Google Loses 2 Teeth Against Microsoft In Patent Fight
The patent case by Google’s (NASDAQ:GOOG) Motorola Mobility against Microsoft (NASDAQ:MSFT) just lost two of its three teeth, as two key patents in the suit were dropped. It’s not clear which two were dropped, but the result could be Microsoft saving hundreds of millions of dollars each year and avoiding sales bans.
Motorola had been fighting Microsoft over its use of three patents, including one for video compression and a WiFi patent. While previously Microsoft was pushing for each patent to be valued at less than $1 million per year, Motorola sought to receive a percentage of Microsoft’s sales on products using the patents, which could have amounted to more than $100 million a year. In addition, Motorola wanted a sales ban on Microsoft’s infringing products. Now, Microsoft may be facing much less dire costs over the one remaining patent claim.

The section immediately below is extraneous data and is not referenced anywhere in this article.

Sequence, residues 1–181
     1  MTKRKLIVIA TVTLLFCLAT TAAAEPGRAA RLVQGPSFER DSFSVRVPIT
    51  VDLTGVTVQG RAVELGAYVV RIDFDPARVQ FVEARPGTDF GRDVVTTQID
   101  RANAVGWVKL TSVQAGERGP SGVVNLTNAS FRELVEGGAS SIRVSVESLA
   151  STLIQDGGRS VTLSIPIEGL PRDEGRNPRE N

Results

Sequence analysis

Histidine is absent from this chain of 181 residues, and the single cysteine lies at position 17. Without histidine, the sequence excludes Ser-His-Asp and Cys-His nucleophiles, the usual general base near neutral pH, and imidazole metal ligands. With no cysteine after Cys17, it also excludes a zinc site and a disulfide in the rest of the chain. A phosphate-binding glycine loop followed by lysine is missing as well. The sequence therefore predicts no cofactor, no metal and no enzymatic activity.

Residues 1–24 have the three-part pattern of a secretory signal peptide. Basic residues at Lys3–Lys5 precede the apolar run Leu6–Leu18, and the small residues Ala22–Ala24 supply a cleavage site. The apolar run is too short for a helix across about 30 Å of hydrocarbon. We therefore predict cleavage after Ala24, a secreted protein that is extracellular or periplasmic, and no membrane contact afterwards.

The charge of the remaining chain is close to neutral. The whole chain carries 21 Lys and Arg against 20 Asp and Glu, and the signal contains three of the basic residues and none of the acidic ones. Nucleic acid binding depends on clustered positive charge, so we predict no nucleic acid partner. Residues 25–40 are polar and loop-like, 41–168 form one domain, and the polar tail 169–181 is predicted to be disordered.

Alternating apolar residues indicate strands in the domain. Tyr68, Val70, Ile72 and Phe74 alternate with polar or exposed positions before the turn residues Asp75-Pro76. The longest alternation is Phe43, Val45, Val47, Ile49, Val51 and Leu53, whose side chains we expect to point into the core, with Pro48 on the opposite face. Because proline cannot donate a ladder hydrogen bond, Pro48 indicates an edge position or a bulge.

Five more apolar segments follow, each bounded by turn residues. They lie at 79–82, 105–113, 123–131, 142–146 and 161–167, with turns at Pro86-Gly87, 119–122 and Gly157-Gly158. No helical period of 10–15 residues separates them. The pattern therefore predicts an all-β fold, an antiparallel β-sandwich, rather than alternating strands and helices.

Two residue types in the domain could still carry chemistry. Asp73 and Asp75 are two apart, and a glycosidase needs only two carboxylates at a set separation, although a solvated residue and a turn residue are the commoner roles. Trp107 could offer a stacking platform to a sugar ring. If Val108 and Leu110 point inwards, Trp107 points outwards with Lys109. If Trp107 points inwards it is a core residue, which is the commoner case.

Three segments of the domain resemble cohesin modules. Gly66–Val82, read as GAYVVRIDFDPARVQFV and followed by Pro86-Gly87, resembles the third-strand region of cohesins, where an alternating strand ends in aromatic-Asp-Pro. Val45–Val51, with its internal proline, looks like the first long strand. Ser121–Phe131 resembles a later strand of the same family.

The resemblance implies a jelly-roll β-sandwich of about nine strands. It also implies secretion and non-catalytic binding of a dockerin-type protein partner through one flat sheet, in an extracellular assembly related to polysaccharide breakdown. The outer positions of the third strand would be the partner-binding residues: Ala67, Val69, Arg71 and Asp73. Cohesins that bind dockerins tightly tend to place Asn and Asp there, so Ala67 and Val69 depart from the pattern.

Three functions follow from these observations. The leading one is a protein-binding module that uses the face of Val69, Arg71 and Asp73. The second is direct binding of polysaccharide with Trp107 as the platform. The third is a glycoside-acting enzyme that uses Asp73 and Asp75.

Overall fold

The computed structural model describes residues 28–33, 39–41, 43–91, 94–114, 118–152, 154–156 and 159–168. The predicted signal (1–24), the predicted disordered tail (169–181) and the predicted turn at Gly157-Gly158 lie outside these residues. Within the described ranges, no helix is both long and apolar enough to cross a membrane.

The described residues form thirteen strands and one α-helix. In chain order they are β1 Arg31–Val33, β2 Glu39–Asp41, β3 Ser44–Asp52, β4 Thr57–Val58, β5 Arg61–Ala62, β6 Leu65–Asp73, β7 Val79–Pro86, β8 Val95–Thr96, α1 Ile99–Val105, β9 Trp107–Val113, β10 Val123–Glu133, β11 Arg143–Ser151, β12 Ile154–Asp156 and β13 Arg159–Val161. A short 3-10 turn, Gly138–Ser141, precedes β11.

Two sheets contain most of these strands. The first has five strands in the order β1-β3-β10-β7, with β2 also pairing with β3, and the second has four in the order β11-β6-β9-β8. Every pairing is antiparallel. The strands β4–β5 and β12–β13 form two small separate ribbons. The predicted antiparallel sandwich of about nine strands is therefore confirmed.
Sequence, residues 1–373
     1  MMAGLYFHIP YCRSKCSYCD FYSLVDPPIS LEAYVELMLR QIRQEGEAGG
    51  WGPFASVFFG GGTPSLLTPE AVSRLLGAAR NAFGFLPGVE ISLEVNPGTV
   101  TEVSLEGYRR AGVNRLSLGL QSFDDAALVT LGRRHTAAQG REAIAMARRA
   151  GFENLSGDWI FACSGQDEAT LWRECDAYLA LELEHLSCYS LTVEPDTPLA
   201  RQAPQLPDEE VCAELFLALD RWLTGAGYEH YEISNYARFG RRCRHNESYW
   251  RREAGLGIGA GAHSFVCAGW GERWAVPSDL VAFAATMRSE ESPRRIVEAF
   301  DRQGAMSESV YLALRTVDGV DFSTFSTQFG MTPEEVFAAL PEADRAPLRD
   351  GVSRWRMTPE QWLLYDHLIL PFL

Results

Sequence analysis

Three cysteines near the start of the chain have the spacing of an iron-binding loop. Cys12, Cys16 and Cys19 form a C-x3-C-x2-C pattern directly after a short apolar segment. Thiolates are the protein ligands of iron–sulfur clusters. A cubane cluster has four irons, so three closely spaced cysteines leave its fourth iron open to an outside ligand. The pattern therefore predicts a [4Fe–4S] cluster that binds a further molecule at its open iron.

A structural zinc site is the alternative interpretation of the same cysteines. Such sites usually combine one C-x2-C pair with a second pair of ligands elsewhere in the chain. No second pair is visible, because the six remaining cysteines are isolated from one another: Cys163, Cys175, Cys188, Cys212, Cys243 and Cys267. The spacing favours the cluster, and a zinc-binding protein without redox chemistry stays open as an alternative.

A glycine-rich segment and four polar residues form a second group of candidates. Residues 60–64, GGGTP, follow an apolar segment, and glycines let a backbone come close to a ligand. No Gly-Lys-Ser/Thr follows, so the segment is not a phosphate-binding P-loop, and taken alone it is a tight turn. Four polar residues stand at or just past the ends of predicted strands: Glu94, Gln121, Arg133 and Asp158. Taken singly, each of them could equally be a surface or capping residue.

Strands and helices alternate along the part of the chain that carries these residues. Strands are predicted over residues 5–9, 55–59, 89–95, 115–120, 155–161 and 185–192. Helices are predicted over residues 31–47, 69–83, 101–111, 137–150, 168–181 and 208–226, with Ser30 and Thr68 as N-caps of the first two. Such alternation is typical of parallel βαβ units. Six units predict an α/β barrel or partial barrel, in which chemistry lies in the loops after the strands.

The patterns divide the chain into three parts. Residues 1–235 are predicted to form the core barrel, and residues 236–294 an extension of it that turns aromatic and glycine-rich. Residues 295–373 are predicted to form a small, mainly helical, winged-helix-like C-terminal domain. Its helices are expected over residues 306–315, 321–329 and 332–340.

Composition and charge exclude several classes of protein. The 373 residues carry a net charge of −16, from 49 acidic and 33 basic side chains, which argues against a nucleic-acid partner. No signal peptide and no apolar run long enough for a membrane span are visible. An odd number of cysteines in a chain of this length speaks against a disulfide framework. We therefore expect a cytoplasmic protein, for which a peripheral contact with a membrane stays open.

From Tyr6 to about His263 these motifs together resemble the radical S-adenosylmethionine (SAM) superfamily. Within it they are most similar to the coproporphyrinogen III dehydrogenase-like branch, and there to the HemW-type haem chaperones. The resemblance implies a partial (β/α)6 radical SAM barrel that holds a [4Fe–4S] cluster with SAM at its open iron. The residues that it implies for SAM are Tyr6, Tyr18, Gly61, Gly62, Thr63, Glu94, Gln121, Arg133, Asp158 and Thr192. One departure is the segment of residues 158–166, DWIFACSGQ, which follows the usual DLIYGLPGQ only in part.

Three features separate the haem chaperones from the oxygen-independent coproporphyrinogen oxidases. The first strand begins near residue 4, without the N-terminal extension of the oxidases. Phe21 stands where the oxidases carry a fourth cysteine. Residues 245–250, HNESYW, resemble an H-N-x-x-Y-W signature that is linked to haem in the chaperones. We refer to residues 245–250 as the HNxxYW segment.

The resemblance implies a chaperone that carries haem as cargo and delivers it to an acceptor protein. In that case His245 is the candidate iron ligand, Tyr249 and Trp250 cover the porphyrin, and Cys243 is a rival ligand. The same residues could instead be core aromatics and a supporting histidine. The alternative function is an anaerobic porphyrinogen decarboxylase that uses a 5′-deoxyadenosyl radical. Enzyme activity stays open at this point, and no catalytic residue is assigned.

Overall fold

Why the change of heart?
There were two key factors in the change in circumstances. First, Microsoft claimed the two patents in question were standard essential patents, over which the Federal Trade Commission, U.S. Department of Justice, and U.S. Patent and Trademark Office assert that companies not seek sales bans. Second, in order to settle two anti-trust investigations against Google by the Federal Trade Commission, Google was required to drop the two patent claims altogether.
What’s left to say?
If either the WiFi or the video compression patent are still in play, there could still be a significant amount of money in the balance. Whatever the case, Microsoft is pleased with results and is now hopeful that Google will “withdraw similar claims pending in other jurisdictions,” as there is still potential for troubles between the two companies outside of the case overseen by the International Trade Commission.
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